BBC HomeExplore the BBC
This page was last updated in February 2004We've left it here for reference.More information

10 July 2014
Accessibility help
Text only
Legacies - Tyne

BBC Homepage
 UK Index
Your stories
 Site Info
 BBC History
 Where I Live

Contact Us

Like this page?
Send it to a friend!

Myths and Legends
Grace Darling: Victorian heroine

Backlash against sentimentality

In addition to newspaper articles, paintings and trinkets depicting Grace Darling in heroic mode, a number of books were written about the rescue and the family. The most notable in propagating the Grace Darling legend was 'Grace Darling, or the Maid of the Isles' by Jerrold Vernon in 1839. Described by Grace Darling biographer Mary Smedley as “sentimental fictions”, Vernon manages to rewrite Darling family history and the Farne Island’s geography. He is credited with giving birth to the legend ‘of the girl with windswept hair’. Later biographies, including that written by Eva Hope in 1875, accepted Vernon’s inventive tale as fact – transporting fiction into fact.

Inner Farne
© Ian Britton,
In reaction to these syrupy versions of the story, Grace’s sister Thomasina set out in 1880, more than 40 years after the wreck, to destroy the myth and publish the truth. The title of 'Grace Darling: Her True Story' from unpublished papers in the possession of her family anticipates the publicity machines of modern-day celebrities. In this defensive book, Thomasina criticises “inflated descriptions by the pen or exaggerated illustrations by the pencil which attribute to Grace Darling and her father impossible achievements”. She uses letters written by Grace to destroy the slushy myth that had developed around her sister. However, sales of the book were disappointing, far outstripped by the more sensational, if false, accounts of her sister’s life.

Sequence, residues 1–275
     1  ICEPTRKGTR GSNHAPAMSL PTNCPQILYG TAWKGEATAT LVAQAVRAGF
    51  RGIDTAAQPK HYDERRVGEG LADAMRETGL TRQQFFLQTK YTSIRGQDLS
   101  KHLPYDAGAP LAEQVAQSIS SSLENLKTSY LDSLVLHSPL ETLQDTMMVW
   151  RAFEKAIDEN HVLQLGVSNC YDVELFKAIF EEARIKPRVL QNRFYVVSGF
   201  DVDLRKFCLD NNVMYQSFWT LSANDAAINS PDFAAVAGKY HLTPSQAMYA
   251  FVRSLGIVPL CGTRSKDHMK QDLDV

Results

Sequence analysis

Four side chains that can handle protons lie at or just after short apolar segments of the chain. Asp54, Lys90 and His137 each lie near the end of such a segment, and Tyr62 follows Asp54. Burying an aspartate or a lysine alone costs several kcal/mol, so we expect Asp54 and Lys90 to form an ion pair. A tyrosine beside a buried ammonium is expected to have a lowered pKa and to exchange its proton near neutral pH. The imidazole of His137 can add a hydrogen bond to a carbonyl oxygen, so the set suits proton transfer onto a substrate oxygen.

As Thomasina’s publication of her sister’s correspondence reveals, apart from the dramatic rescue, Grace was an obedient, otherwise unremarkable woman for whom fame was an unwelcome inconvenience in her life. Grace’s curt response to a letter asking whether she ever got bored of staying in the same place reveals her contentment with life in Longstone lighthouse: “I have seven apartments in the house to keep in a state fit to be inspected everyday by Gentlemen”. Perhaps, perversely, it was the very ordinariness of Grace’s life which proved the strongest catalyst for her sensational myth? In the absence of romantic or sensational elements, journalists and artists felt compelled to invent them, ensuring Grace’s story lived up to her reputation as a true Victorian heroine.

Pages: Previous [ 1, 2, 3, 4 ]

Your comments

Print this page
Look back into the past using the Legacies' archives. Find nearly 200 tales from around the country in our collection.

Read more >
Internet Links
Ideals of womanhood in Victorian Britain
Grace's medal
The BBC is not responsible for the content of external Web sites.
William Morris
Related Stories
The Maid of Buttermere
John Andrews: King of the Smugglers
A strange Princess comes to these shores

About the BBC | Help | Terms of Use | Privacy & Cookies Policy